By working with a wide variety of clients, he's discovered people everywhere have similar themes to his own life. People want to find a deeper sense of purpose and to live a life that reflects this on a daily basis. Curious if most of his clients are women, I was delighted to hear that more and more men are also seeking a more authentic life and are willing to do the work to discover themselves. Whatever that takes.
Randy's gentle and sincere energy came through in both our conversation and in his writing, as Unlimiting You flows in a warm storytelling style. He offers rich stories, (both his own and of others), learned insights and exercises the reader can take away and work with. We joked a bit about campaigning to get the self-help memoir category officially recognized by booksellers everywhere, as it makes sense that with so many people living deeply transformed lives, there is much to share with others by telling stories this way. We are all like gurus who have something to teach or learn at different times in our lives.
In our modern world where the mantra has been "the faster the better," people are looking for quick fixes. I get that. Yet there isn't a one-size-fits-all cure for what ails you. Through other people's stories, we often uncover insights for ourselves. For me, life is a journey of discovery, finding what works for you to unlock the door to what is uniquely yours. As Randy said to me, "Giving yourself permission to be you and trust yourself is the ultimate validation, the biggest pat on the back, the assurance that it is okay to be exactly who you are, unapologetic and unyielding."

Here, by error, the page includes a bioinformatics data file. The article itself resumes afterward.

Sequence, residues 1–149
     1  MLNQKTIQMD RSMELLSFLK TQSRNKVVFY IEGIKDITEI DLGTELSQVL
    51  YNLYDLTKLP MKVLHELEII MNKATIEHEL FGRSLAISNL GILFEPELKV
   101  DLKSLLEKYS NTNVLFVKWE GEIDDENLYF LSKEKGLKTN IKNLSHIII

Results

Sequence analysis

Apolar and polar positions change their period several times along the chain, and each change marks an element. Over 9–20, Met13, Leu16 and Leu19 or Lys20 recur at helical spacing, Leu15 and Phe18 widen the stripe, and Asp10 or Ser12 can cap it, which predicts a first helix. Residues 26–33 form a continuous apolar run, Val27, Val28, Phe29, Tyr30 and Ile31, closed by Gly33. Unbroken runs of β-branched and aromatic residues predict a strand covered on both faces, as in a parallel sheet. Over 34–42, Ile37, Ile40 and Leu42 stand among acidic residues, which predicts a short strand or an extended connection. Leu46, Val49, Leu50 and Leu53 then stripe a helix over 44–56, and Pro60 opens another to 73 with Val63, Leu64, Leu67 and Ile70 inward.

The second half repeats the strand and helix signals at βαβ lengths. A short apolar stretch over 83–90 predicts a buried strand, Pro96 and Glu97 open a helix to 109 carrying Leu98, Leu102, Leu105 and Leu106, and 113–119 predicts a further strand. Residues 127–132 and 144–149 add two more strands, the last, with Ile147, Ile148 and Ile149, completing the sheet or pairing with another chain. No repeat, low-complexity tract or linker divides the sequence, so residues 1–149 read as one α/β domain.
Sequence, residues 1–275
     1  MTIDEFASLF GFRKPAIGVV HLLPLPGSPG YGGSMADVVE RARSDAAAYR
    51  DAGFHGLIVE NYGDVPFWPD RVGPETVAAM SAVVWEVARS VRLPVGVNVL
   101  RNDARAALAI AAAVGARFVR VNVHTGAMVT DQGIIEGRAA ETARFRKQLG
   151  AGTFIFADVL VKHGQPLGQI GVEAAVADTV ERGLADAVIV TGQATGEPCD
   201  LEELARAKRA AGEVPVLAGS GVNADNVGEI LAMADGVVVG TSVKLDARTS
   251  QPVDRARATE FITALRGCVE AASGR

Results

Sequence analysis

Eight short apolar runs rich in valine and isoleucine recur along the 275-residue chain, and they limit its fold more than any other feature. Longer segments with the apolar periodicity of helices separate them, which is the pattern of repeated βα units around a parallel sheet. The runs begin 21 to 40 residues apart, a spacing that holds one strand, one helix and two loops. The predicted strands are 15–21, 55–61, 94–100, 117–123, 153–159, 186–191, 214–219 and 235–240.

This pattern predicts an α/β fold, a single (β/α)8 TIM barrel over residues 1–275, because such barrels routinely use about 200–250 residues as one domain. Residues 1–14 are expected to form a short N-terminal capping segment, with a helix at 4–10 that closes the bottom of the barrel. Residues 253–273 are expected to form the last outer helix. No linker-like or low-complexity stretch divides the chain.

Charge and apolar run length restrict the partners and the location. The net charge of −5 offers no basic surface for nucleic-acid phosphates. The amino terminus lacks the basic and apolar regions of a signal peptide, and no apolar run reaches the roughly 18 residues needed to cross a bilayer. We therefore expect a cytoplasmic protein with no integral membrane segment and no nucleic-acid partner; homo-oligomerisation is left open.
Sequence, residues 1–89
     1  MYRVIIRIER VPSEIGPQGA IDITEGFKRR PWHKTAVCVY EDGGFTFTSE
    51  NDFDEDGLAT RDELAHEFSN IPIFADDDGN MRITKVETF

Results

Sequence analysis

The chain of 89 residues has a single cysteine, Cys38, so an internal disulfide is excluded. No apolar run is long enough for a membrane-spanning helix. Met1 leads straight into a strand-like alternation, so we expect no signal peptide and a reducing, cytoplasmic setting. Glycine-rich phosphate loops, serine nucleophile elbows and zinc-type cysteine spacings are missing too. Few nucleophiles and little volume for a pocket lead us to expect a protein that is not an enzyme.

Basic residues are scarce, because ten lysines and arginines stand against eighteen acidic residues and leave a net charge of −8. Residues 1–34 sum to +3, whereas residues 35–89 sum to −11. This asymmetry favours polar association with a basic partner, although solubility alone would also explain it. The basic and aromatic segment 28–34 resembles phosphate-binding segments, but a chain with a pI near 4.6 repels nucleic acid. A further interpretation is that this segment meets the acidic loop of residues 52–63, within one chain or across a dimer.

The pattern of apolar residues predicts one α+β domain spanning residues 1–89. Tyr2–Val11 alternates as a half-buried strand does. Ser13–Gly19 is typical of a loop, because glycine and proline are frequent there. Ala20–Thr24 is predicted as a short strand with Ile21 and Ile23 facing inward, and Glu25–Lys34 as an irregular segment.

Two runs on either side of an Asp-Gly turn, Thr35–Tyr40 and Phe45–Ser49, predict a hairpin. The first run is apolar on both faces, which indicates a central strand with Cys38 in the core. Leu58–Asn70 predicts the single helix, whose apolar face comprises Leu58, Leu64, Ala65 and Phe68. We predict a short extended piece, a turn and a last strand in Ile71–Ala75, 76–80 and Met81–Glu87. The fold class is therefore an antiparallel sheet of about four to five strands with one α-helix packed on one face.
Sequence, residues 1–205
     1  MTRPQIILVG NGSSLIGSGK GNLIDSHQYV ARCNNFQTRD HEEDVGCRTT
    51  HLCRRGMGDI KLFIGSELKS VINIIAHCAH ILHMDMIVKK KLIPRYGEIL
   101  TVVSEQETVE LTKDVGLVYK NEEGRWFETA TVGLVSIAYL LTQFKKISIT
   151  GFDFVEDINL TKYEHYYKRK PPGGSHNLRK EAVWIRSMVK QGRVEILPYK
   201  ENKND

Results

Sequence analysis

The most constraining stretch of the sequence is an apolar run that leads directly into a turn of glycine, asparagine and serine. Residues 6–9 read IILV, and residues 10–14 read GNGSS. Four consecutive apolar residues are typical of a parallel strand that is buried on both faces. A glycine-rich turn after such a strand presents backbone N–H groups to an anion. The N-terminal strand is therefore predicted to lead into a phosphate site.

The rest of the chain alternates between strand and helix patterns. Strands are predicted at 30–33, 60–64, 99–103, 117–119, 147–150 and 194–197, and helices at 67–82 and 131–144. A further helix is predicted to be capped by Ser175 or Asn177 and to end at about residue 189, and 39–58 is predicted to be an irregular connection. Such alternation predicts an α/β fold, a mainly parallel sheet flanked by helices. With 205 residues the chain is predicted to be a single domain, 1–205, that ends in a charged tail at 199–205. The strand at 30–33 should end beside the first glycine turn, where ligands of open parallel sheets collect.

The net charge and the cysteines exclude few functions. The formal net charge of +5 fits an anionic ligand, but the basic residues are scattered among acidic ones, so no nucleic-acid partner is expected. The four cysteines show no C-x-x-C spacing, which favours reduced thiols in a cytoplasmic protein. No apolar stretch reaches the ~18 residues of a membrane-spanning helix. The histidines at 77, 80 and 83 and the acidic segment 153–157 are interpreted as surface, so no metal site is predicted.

What Really Matters?
As human beings, or as I like to say human "becomings," knowing that others, (even the rich and famous), have moments of weakness and despair just like we do, can offer us hope we're not alone, showing us there is always another way out of whatever darkness we are currently experiencing.
Thanks to Randy for his honesty and vulnerability in sharing his often-wild roller coaster ride, as his intention is as filled with integrity as he is. One powerful takeaway from his book, something I'd recommend everyone do, is ask yourself the question, "What really matters to you?" It's a great question to uncover what is truly important to you and your life. As Randy offers, "Truth matters. Anything that isn't your truth distracts you from your deepest parts and from what you truly want." This is what "Unlimiting You" is ultimately all about; getting to the core of your truth and living what matters to you most.